Young Oh­sweken fa­ther shot dead

The Hamilton Spectator - - LO­CAL - JOANNA FR­KETICH

Six Na­tions Po­lice are in­ves­ti­gat­ing the death of a 27-year-old Oh­sweken fa­ther and artist who was shot in the head.

Dustin Wayne Mon­ture who lived on 2nd Line was de­clared brain dead at 2:15 p.m. Wed­nes­day at Hamil­ton Gen­eral Hospi­tal. He died later that day at 11:05 p.m.

“It’s a mother’s worst night­mare,” said his mom, Rox­anne Farmer. “I stayed with him to the end.”

Mon­ture was orig­i­nally thought to have been as­saulted when friends found him on the lawn of their Tus­carora Road home and brought him to West Haldimand Gen­eral Hospi­tal in Hagersville with head in­juries, at 4 p.m. Tues­day. It wasn’t un­til he was taken by air am­bu­lance to Hamil­ton Gen­eral Hospi­tal and re­ceived a CT scan about 7 p.m. that it was dis­cov­ered he’d been shot.

“I’d like peo­ple to re­mem­ber how he made every­one laugh,” said his mom. “He was a jokester.”

Mon­ture was try­ing to turn a life of crime and drugs around for his three chil­dren aged eight, two, and one.

“His kids were his world,” said Farmer. “All he wanted was his kids.”

An ath­lete who played hockey, lacrosse and base­ball, Mon­ture be­came hooked on Oxy-Con­tin when he was pre­scribed the opi­oid pain med­i­ca­tion af­ter los­ing his front teeth in a hockey game.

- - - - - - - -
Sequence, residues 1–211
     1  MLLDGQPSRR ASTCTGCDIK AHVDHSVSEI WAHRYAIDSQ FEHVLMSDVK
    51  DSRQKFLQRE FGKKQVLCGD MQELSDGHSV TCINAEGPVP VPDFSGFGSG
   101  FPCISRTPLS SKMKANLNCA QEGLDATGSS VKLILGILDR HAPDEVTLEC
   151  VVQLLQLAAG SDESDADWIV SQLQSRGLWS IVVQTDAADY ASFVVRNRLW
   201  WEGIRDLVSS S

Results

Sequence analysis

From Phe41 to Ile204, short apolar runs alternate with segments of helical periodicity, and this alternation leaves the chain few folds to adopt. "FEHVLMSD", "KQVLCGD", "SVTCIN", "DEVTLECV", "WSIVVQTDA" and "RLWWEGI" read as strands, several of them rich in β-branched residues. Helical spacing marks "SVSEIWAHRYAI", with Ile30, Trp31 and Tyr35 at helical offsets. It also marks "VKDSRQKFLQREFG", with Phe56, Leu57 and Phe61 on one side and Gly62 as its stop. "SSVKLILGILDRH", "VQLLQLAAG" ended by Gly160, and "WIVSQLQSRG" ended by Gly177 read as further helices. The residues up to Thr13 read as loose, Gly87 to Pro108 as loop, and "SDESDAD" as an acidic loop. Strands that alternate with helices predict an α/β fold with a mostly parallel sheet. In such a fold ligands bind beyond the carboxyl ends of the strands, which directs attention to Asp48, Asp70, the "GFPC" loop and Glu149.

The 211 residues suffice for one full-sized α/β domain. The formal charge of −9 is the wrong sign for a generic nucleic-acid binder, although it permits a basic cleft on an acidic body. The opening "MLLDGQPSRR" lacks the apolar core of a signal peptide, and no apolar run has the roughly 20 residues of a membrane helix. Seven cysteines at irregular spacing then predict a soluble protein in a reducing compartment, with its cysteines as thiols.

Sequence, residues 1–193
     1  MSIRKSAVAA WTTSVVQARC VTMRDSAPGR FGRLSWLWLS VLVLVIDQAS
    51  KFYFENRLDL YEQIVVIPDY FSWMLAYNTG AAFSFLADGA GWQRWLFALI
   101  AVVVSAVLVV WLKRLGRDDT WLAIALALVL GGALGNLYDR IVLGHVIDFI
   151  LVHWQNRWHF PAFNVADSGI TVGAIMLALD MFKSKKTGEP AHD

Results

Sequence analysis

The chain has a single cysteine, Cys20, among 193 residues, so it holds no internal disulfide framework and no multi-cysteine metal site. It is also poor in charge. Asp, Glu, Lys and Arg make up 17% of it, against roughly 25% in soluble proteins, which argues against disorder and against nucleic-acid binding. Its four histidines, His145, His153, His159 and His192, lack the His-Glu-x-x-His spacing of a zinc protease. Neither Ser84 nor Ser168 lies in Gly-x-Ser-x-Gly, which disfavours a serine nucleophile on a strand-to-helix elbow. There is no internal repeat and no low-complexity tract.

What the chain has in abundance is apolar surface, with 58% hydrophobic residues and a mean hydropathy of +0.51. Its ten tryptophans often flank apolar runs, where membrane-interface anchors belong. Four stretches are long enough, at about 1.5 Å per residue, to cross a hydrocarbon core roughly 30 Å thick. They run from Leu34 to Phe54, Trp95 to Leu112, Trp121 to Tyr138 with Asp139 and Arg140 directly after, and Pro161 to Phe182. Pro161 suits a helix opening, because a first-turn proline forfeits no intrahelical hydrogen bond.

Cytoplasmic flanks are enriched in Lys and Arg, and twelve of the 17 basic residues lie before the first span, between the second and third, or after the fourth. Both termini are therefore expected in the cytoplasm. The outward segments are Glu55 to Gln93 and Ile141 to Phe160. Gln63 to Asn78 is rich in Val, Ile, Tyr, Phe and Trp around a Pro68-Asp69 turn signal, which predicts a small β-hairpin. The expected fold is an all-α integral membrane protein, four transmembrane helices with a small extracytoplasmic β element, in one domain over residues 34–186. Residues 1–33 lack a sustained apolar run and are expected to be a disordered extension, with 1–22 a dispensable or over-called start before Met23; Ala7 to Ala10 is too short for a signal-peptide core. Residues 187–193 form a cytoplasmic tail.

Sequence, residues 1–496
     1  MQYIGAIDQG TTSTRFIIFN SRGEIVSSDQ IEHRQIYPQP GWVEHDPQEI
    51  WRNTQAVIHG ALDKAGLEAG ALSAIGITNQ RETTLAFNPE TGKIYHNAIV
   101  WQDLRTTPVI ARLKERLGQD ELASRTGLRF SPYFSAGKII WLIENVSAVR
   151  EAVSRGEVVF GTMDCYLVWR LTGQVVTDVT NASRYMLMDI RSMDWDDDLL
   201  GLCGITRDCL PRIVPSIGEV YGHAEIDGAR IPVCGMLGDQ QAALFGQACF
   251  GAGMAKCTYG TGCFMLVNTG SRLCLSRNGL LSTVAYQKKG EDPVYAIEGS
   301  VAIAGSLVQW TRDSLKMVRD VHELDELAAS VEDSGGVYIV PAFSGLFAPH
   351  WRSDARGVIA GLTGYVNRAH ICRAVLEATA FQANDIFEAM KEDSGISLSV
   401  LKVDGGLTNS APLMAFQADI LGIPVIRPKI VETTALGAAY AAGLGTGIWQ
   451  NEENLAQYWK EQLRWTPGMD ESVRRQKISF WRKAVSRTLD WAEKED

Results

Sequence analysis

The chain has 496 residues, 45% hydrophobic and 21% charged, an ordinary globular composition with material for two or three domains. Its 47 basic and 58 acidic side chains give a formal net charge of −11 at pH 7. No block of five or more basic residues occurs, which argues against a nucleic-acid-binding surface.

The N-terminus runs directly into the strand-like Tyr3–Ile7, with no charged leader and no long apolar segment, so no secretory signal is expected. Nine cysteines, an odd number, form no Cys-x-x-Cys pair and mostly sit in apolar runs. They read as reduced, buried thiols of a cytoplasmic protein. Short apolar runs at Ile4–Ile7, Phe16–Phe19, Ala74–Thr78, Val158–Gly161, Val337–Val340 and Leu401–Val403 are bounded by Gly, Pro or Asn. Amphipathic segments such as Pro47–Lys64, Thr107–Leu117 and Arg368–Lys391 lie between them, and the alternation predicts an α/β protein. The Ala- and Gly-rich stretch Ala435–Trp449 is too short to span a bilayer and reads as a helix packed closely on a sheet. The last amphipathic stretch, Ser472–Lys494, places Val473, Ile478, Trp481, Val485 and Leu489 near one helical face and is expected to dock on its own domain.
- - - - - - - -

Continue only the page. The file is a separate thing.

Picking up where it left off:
“I be­lieve he could have made it in hockey or lacrosse,” said his mom. But the drugs “had con­trol of him.”

It led to a string of con­vic­tions cul­mi­nat­ing in a four-and-a-half year prison sen­tence in 2011 for sell­ing guns af­ter break­ing into a home in Delhi with a group of men.

“He fin­ished high school,” dur­ing his sen­tence said his mom. “He took what­ever (pro­grams) they of­fered him.”

He ran into trou­ble with the law in­volv­ing guns again in 2015 dur­ing a do­mes­tic dis­pute.

But his mom says at heart he was an artist. He would draw abo­rig­i­nal scenes, make head­dresses and de­sign tat­toos.

“I don’t’ know where he came up with his ideas,” said Farmer. “He did my first tat­too.”

It was a bunch of feath­ers — one for each of her three girls and one for Mon­ture. One feather was bro­ken off from the bunch to rep­re­sent Farmer’s son who died at the age of 16.

Mon­ture en­joyed the out­doors par­tic­u­larly fish­ing and hunt­ing. He tapped trees for maple syrup at his child­hood home. He also did con­struc­tion work on and off.

“He was car­ing,” said Farmer. “He’d give you the shirt off his back. He’d help you any­way he pos­si­bly could.”

Po­lice have not yet been able to de­ter­mine where the shoot­ing oc­curred. The fam­ily says it feels like they’re be­ing left in the dark.

“We’re hear­ing so many sto­ries,” said Farmer. “It’s like the com­mu­nity is try­ing to solve this puz­zle our­selves.”

Any­one with in­for­ma­tion can call po­lice at 519-445-2811 or Crime Stop­pers at 1-800-222TIPS (8477) or www.crimestop­


Dustin Mon­ture, 27, was fa­tally shot Tues­day. He died Wed­nes­day.

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